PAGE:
Quote:
Originally Posted by desert sun View Post
and did they grow fast?
Yep, pretty fast. Palm trees are fairly fast-growers, especially if they are exposed to the desert sunshine plentifully. Palm food helps in the warmer months to stimulate their growth. They won't grow in winter.
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Old 10-10-2007, 11:32 AM
LLD
 
Location: Fairfax County, VA
654 posts, read 2,771,750 times
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Someone asked about Presbyterian and heart care -- they are ranked in the top 100 hospitals in the country for cardiac care -- that's really good considering the size of Albuquerque etc. Presbyterian Heart Group is also a great set of doctors.

I don't know anything about The Heart Hospital but I haven't seen any negatives about it.

Denver is a cosmopolitan big metro with all the positives and negatives that go with that. Albuqerque is a medium size town with all the positives and negatives that go with that.

Housing is cheaper in Albuquerque generally than Denver.

Job opportunities are better in Denver.

Major airport (Denver) vs. regional airport (Albuquerque).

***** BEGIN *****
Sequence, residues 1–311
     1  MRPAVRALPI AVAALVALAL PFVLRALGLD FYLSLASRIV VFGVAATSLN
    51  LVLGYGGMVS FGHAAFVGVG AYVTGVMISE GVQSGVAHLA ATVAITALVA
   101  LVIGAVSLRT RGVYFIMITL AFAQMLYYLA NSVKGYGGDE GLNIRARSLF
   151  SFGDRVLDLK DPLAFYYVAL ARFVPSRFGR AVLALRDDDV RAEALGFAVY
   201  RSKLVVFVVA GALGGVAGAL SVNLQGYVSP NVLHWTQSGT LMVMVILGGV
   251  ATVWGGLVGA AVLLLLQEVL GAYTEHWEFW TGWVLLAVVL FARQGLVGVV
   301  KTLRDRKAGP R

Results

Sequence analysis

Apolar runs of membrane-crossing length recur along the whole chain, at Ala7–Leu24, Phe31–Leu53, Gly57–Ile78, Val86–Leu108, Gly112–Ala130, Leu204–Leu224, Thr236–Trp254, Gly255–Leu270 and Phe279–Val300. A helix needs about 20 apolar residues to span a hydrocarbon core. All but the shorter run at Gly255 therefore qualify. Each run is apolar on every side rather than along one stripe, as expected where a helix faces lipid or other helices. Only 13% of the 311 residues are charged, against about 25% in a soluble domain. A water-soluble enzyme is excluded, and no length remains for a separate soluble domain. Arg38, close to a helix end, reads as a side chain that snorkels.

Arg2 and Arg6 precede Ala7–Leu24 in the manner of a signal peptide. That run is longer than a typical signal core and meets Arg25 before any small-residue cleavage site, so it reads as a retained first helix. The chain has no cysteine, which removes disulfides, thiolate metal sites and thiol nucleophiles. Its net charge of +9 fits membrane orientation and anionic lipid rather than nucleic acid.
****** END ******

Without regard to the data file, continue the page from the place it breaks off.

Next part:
Slower pace of life in Albuquerque.

Both have relatively good weather and lots of natural beauty surrounding things and outdoor activities.

More nightlife in Denver.
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Old 10-26-2007, 05:29 PM
 
Location: Mesa
3,766 posts, read 8,236,173 times
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OK gang, ABQ won. Accepted a job offer today, will be here in January. Thoroughly enjoyed driving all over town and learning the city these past two days, on my own. Reminds me of the Phoenix I grew up in (a good thing) but with it's own nifty little quirks and touches. The Chamber of Commerce should hire all y'all!
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Old 10-26-2007, 09:05 PM
 
Location: Albuquerque, NM
1,419 posts, read 4,287,122 times
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Quote:
Originally Posted by yukon View Post
OK gang, ABQ won. Accepted a job offer today, will be here in January. Thoroughly enjoyed driving all over town and learning the city these past two days, on my own. Reminds me of the Phoenix I grew up in (a good thing) but with it's own nifty little quirks and touches. The Chamber of Commerce should hire all y'all!
good to hear that you enjoyed our city. Hope the move goes smoothly and quickly!
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Old 11-14-2007, 06:10 PM
 
13 posts, read 30,084 times
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It was really great to find this thread! My wife and I are looking into the ABQ and DEN areas. From PHX, so we could always go back there (but why when there is so much more out there to try?) It will be tough leaving Charleston, SC, a city so full of history that you can't go anywhere without running into something significant. Thanks for the hospital info as well since I am a physician assistant student who graduates in August and needs to find a job.